It is was tough time actually because war started. It was hard to accept, it was shocking and not a lot of options what you actually can do against it. By coincidence I moved to Turkey for a month right at the beginning. And at the start of April there was 20th anniversary of Ludum Dare with Ludum Dare 50. So when I decided to participate it, idea for the game (theme was "Delay the inevitable") threw up out of me without any efforts. The final game as always was made under Compo category in 48 hours. It is something like autocracy simulator but where the end of dictator is inevitable. It also has bonus music track: complete all 5 endings or just type 'bonus'. In my opinion the game is ugly and almost unplayable but I also got some very positive feedback, you could play it through LD page 'Your Regime'.

And the last thing I want to mention is the first demo for my another new concept. I'm planning something metroidvania-like arcade game with some aesthetic and story exploration focus. It is only the first demo, and there a lot of things that I cut here (e.g. almost no sounds) just to finish it to break free to other projects. But if you interested, you can use pass 'monday' to download the prototype for Windows or macOS from itch.io page.

That's all for now I guess. Pretty satisfied that I finished at least this one post in half of year and it was written in one seat. Love you all!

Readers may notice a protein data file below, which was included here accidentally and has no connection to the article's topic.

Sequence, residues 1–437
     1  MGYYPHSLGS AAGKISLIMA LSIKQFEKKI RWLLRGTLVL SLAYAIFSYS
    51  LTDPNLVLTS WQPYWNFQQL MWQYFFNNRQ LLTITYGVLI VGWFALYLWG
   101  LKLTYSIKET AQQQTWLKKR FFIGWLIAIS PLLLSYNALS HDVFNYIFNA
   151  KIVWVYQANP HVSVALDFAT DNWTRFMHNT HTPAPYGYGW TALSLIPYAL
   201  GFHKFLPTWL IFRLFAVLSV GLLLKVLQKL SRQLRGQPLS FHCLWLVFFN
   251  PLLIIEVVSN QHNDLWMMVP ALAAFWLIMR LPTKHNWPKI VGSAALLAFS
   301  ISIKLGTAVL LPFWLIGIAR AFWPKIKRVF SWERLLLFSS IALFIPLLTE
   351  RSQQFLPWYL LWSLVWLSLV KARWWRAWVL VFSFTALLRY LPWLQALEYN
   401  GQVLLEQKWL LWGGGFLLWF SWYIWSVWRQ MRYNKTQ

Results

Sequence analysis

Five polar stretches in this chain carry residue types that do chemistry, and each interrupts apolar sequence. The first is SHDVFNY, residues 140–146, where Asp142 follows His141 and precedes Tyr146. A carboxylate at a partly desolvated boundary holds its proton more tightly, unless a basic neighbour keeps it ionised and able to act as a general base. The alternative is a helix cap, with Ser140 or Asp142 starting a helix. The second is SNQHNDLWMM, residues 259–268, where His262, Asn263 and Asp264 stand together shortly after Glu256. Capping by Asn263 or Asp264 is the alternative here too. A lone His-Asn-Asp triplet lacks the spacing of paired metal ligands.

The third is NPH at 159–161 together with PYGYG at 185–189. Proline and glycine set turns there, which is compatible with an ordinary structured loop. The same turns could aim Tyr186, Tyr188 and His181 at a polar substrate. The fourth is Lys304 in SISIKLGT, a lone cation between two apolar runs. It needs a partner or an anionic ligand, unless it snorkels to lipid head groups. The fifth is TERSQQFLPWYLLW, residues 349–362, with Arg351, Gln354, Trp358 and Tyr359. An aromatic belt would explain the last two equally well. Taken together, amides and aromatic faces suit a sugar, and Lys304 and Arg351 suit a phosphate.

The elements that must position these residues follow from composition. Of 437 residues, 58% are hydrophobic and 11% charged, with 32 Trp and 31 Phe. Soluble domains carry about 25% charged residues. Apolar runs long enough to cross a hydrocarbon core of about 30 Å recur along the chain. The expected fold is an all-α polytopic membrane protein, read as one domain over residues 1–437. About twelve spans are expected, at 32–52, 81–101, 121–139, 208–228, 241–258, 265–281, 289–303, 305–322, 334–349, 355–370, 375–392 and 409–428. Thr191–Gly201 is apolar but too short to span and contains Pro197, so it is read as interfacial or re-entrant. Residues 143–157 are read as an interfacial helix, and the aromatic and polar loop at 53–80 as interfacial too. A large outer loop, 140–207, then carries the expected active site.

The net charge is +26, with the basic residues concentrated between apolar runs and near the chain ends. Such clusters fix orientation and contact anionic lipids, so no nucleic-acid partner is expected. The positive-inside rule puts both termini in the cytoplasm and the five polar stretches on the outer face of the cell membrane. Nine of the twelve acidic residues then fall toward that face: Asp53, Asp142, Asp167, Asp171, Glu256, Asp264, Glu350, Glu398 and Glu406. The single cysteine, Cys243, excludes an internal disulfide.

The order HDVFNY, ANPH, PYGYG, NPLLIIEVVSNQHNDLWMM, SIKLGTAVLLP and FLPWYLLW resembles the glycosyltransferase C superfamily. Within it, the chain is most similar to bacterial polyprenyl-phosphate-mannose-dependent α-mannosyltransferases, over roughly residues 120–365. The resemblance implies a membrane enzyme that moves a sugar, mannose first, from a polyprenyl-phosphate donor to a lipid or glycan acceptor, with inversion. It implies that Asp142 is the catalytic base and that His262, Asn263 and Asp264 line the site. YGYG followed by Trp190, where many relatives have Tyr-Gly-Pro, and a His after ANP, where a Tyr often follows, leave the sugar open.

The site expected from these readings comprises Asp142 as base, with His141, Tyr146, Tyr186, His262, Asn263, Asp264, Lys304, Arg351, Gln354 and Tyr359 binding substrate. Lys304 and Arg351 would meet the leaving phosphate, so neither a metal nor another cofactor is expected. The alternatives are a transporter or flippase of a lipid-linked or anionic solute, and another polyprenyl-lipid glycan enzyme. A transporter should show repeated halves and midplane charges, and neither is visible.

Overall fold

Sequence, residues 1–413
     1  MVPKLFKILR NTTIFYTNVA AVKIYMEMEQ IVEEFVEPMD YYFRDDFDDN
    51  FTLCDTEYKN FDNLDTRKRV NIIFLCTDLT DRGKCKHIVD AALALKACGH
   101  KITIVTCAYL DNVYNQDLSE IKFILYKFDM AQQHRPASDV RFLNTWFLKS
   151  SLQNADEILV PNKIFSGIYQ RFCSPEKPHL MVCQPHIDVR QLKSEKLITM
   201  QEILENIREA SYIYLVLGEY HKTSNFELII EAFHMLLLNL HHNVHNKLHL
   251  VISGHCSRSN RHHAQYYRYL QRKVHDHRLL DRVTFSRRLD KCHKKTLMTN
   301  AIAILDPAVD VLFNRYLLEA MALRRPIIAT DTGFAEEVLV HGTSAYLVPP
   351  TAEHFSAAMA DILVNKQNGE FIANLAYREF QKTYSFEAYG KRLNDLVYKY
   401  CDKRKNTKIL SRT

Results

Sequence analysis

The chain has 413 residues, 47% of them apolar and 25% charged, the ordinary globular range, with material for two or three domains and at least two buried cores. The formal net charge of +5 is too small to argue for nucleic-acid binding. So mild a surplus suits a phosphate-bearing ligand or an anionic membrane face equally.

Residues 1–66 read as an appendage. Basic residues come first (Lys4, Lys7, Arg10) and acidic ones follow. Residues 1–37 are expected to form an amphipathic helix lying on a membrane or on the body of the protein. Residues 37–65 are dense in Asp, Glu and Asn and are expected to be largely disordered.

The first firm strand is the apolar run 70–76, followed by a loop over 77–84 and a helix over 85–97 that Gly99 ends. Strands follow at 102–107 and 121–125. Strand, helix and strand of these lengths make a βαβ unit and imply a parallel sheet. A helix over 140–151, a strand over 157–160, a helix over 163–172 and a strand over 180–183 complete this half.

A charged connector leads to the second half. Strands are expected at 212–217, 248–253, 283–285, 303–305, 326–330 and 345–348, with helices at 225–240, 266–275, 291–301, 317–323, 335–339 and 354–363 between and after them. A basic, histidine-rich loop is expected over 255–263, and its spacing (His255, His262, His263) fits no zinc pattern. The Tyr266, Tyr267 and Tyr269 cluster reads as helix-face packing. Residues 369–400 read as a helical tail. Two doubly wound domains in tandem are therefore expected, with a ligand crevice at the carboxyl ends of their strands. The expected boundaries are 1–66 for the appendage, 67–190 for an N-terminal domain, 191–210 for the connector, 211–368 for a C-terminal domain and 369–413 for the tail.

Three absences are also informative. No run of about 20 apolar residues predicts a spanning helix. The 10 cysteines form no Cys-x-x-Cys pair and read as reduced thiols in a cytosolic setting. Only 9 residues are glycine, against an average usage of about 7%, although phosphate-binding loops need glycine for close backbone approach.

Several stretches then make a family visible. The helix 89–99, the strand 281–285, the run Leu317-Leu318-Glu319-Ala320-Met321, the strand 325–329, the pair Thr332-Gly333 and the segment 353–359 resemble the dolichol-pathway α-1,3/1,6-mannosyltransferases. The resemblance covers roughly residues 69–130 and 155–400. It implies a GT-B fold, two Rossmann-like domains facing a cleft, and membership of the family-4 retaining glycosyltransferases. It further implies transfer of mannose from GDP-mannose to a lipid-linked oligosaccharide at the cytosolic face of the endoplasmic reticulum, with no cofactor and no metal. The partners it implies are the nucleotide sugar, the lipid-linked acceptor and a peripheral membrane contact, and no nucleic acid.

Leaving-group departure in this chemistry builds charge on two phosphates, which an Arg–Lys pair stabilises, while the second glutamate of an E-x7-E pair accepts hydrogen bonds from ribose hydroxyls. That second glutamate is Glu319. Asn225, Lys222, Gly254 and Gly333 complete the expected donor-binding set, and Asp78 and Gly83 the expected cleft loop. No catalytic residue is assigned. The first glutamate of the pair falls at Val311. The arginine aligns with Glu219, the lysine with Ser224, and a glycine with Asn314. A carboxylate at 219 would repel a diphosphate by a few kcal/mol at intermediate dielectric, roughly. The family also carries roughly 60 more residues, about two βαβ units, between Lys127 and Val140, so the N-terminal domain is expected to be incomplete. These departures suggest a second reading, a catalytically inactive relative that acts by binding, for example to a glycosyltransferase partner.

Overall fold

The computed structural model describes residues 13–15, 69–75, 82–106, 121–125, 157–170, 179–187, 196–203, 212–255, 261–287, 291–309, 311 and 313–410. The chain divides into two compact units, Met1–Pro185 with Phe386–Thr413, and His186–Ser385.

Summary 2021

I'll tell you about my indie projects of this year, which I did in my free time: my first release on Steam, my personal record at Ludum Dare, as well as an endless dream project.

This is how the page on itch.io with these games looks like at the moment

Release of MARK-I: Mission Pilot

The first half of the year was mostly occupied by another personal project - moving and renovating a new apartment. Those who have come across this can imagine how time-consuming it can be. Nevertheless, I managed to find time to finish the project that I've been doing for almost the entire last year. As a result, the trailer was ready by summer (thanks to yaaawny for helping with the art) and the coveted green release button in Steam was pressed (in fact, the release process stretches over months along with the preparation of the page and other meta-data).

The preliminary mailing to publishers, as expected, did not give a result, and there were no high expectations from the game as a whole. The goal was to finish the project, which in itself is often quite a difficult goal, and to gain experience in the full cycle of publishing a game on Steam. At the moment, a little over 50 copies of the game have been sold, and I do not think that this amount will grow much in the future. If you suddenly want to treat me a coffee – you are welcome to the game page, where you can buy it for mere pennies.

Initially, I wanted to write a full-fledged post-mortem for the game, especially since I managed to learn a huge number of lessons. But I realized that I had grown so cold to the game that I really didn’t want to spend even more time on it. There are some ideas on how to rethink the current 20-minute demo into a full-fledged game, and in general I like the universe of the game that I began to sketch, but I definitely don't plan to return to the project in the near future. Perhaps one day...

LD49 – Ludens Fortuna